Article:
The global intelligence landscape is rapidly evolving, and the intelligence community in the United States is updating its tradecraft and adapting to meet the needs of the current environment. Now, IC experts are reflecting on lessons we’ve learned from history and how they can inform U.S. intelligence into the future.
Doug Wolfe, CEO of BlackLynx and former associate deputy director for science and technology at the Central Intelligence Agency, said he’s seeing somewhat of a re-emergence of problems our country faced during earlier points in history, but he’s more concerned about the conflicts occurring out of sight.
“The biggest challenge that I see right now is really thinking about what I would call ‘hidden wars,’ that are largely around cyber, biotech and space — all of which we don’t necessarily quickly get feedback on,” said Wolfe during the Potomac Officers Club’s Intelligence: Integrating Mission Partners Through Data and Collaboration Forum.
Wolfe said the biotech threat has been illustrated in recent years through the global COVID-19 pandemic, which highlighted just how grave biotech threats can be to global governments, economies and societies.
Chief Technology Officer for the Office of the Director of National Intelligence, Brian Schreffler, said the lesson he thinks the federal government needs to learn is that the consumer for data intelligence is changing, and the way the IC collects and processes data needs to change in response.
Schreffler also suggested that there’s a trend within the IC in which data is over classified, making it difficult for mission partners and allied forces to effectively collaborate in joint operations and intelligence missions today.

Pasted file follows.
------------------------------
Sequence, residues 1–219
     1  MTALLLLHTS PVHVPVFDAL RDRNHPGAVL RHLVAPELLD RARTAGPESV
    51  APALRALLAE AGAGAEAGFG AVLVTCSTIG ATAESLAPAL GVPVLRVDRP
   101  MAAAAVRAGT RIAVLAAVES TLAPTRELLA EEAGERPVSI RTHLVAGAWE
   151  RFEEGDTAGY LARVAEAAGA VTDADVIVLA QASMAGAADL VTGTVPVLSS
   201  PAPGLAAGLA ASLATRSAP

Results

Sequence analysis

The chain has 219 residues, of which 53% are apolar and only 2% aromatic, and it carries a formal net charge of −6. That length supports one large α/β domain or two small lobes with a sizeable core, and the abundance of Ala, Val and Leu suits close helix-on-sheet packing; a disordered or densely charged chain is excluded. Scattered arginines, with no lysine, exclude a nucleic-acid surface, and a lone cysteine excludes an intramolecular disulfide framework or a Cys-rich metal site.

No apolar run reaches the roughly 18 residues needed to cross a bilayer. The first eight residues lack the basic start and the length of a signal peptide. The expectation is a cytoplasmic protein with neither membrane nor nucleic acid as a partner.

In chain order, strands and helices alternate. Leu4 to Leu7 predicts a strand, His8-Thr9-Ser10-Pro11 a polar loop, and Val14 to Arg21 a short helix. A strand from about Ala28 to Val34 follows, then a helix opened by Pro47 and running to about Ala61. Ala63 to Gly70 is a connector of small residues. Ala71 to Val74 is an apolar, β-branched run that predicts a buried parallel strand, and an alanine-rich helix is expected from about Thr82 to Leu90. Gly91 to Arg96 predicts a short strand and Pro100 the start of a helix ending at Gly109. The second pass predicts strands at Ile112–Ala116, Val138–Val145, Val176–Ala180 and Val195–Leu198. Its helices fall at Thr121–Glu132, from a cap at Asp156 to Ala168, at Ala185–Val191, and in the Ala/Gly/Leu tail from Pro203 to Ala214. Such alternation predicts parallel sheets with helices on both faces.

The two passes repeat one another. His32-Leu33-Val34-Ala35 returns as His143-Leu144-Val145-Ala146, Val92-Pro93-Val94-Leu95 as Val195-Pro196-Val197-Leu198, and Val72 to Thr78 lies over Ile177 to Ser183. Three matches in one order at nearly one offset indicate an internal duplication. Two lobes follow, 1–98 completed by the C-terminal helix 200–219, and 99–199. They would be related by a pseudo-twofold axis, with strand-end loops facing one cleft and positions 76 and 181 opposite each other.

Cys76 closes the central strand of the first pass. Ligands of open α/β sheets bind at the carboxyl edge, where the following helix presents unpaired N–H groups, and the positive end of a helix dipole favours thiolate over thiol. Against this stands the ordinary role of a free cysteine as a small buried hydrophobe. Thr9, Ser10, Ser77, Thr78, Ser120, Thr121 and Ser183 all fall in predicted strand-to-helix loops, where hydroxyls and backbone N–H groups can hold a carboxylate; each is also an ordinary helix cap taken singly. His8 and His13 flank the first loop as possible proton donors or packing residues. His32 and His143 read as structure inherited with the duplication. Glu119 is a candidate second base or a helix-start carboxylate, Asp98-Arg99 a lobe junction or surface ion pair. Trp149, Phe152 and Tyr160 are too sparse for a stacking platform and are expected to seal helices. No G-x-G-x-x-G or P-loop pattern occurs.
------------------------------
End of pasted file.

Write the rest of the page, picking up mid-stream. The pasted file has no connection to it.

Liz Hampton, vice president of Beacon Global Strategies, posited that the government stands to gain the most impactful benefits not necessarily by gleaning lessons from the distant past, but by paying attention to what’s happening today and being able to quickly incorporate that into current operations.
Hampton said she envisions a future in which “industry and government are working together to solve problems and actually sharing that in real-time with industry partners so that they can tailor their approach to the environment.”
“The government and industry partners are creating lessons learned in real time — they’re releasing problems, they’re seeing what goes wrong, they’re seeing what works, they’re looking at their data challenges, they’re seeing what integration issues they have,” Hampton explained. But this information is not necessarily classified and needs to be shared in a timely manner in order for the innovation ecosystem to harness these valuable lessons effectively, Hampton said.
Another area the IC needs improvement in is creativity, said Sue Dorr, chief information officer for the Office of the Director of National Intelligence. Dorr explained that the authorization process could benefit from fresh approaches, new methods and more creative solutions.
Additionally, Dorr said the IC could stand to benefit from taking more calculated risks. She said there’s inherent risk in not taking risks, and the IC needs to let go of that fixed point in order to accelerate quickly enough to match the pace of global intelligence advancements.
Learn more about how the intelligence community is responding to new and emerging threats and geopolitical developments during the Potomac Officers Club’s 8th Annual Intel Summit on Oct. 17. Director of National Intelligence Avril Haines is scheduled to deliver the summit’s closing keynote address. Register here.